Declare Your Independence From These Rainmaking Myths

Posted by Robin Hensley

Declare Your Independence From These Rainmaking Myths

July is a wonderful time to think about the gift of freedom. We are free to do things the way they have always been done…or not. We can change the way we think about things…or not. We can limit our opportunities…or not.

I’ve found we are often limited in the results we achieve simply because we believe things work in only one way. Take rainmaking, for example. Rainmaking is a state of mind vs. a specific one size fits all solution. Here are five myths about rainmaking that prove the point and could be limiting your results as suggested by Timothy B. Corcoran in his blog post, Closing Skills of Successful Rainmakers…and other Myths.

Myth #1: Networking is rainmaking: That is just not true. In reality, networking is a visibility strategy that may or may not produce results depending on the personality of the networker. In fact, for those in the firm that cringe at the thought of “networking,” their visibility strategy might leverage what they do like and are good at–authoring articles, speaking, or making their subject matter expertise available through targeted public relations initiatives. I’m not saying that it’s OK to take networking in its traditional sense entirely off the table, but rather put more emphasis on other outlets for increased visibility.

Myth #2: Rainmaking is asking for the business. No, that’s not true either. Sales books hype the “Ask” as a part of the big “Close,” but formulaic closing techniques can be quite manipulative and certainly inappropriate for a law firm focused on serving client needs. Consultative selling matches the benefits of what you do to what your client tells you that he needs. If your lawyers aren’t closing business despite the number of meetings they have, then the problem is not asking for the business but rather asking bigger questions and listening so they can better uncover what the prospect wants.

Myth #3: Rainmaking demands discounting. Uh, that would be a NO. Firms that recklessly discount their fees to win the business are building their book at the expense of their profitability–not smart in the long term. It also sets a precedent for other firms that make competition more difficult for everyone. If you find you must consistently discount your rates, then they are either too high or you have not effectively demonstrated your value by quantifying your results.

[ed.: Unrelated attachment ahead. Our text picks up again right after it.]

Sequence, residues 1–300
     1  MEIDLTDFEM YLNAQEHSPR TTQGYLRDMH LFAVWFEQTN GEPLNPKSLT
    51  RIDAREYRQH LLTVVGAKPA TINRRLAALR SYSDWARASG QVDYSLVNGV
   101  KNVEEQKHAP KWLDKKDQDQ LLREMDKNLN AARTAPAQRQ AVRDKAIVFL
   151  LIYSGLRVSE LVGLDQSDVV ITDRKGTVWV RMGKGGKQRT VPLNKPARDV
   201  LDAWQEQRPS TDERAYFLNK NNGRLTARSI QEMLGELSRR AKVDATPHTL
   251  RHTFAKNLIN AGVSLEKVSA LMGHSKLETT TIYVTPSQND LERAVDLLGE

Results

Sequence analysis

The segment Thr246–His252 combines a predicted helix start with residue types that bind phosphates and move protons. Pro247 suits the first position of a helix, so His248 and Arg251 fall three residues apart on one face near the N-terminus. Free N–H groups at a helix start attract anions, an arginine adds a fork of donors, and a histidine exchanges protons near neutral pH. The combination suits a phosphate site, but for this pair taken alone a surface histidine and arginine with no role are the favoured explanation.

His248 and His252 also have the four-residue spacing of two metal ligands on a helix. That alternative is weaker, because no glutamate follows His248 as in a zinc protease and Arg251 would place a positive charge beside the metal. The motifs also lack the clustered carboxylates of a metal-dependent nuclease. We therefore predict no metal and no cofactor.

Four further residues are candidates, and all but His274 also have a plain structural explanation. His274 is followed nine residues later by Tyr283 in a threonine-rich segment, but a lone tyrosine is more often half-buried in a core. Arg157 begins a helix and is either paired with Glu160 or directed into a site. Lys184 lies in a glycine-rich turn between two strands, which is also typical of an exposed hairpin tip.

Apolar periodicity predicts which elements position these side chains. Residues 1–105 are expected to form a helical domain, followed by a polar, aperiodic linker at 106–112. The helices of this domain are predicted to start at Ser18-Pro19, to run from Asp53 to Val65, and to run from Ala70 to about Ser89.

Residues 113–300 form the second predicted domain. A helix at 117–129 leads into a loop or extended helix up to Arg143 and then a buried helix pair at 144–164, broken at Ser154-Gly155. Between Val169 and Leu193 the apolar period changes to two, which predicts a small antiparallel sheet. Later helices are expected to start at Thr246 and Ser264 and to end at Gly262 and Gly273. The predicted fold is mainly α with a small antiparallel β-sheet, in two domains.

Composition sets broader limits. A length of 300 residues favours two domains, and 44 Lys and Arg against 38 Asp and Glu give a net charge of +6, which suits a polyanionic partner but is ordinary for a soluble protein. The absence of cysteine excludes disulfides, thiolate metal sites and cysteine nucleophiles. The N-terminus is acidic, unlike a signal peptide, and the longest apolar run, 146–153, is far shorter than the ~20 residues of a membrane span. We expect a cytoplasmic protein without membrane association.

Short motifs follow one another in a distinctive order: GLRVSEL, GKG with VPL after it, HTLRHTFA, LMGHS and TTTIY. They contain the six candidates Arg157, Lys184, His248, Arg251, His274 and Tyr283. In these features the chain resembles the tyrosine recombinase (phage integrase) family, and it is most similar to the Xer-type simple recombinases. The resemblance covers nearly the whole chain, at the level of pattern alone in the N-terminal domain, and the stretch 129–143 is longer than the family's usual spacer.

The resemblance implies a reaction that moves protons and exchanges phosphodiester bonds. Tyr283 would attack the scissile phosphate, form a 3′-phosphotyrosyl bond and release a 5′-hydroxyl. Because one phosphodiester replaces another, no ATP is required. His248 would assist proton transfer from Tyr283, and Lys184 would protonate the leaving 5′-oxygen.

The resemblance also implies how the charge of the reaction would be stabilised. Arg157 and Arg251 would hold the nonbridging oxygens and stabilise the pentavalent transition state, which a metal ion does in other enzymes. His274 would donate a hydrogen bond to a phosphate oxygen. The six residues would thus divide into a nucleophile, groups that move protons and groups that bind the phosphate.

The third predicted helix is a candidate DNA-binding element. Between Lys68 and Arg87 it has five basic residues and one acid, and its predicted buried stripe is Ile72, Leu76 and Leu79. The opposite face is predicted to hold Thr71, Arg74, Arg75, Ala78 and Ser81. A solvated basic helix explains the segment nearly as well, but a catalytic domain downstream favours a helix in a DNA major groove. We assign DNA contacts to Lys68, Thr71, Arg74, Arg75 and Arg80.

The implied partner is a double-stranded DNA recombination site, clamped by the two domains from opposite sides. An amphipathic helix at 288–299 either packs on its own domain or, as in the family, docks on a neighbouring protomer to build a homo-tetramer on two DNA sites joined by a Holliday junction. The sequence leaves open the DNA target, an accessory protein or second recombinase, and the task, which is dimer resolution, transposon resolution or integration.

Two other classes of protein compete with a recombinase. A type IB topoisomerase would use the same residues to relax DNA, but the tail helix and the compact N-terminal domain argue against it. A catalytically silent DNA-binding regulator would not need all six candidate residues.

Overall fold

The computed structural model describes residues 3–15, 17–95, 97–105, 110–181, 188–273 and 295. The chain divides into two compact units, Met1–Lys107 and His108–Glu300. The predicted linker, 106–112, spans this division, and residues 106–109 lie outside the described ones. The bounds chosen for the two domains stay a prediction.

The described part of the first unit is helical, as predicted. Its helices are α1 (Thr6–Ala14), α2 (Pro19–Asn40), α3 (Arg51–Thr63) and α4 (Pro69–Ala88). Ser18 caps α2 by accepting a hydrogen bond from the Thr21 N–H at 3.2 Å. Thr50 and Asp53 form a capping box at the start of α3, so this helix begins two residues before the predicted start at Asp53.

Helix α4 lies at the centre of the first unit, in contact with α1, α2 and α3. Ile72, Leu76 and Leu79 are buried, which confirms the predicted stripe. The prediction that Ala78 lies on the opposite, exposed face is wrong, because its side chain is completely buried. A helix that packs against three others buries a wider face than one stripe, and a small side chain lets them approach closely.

Myth #4: Rainmaking is solely building new revenue streams. “All revenue is good revenue,” as the saying goes. It’s far more efficient and much more likely that cross-selling existing clients will produce more revenue than landing that brand new client you have on your target list. That’s why good rainmakers can be those lawyers who know how to reel in new clients and those lawyers who know how to retain clients (and revenue) by how well they manage legal projects, including those involving criminal cases, although in countries like Canada  the use of  pardons canada could really be helpful for lawyers and clients.

Myth #5: Rainmaking leads to increased profit. If you are focused on revenue vs. the cost of delivering your services, then your profits will evaporate. It is far smarter to weigh the actual cost of the business you want to win and how it will affect what is left after those costs are met. And, thinking you will make it up in volume is a fool’s quest as you will only be doing more work and making less for it until you change your mind about it.

So this July, free yourself from ideas about rainmaking that may be keeping you and your firm from the fireworks of spectacular results.

Until next time,


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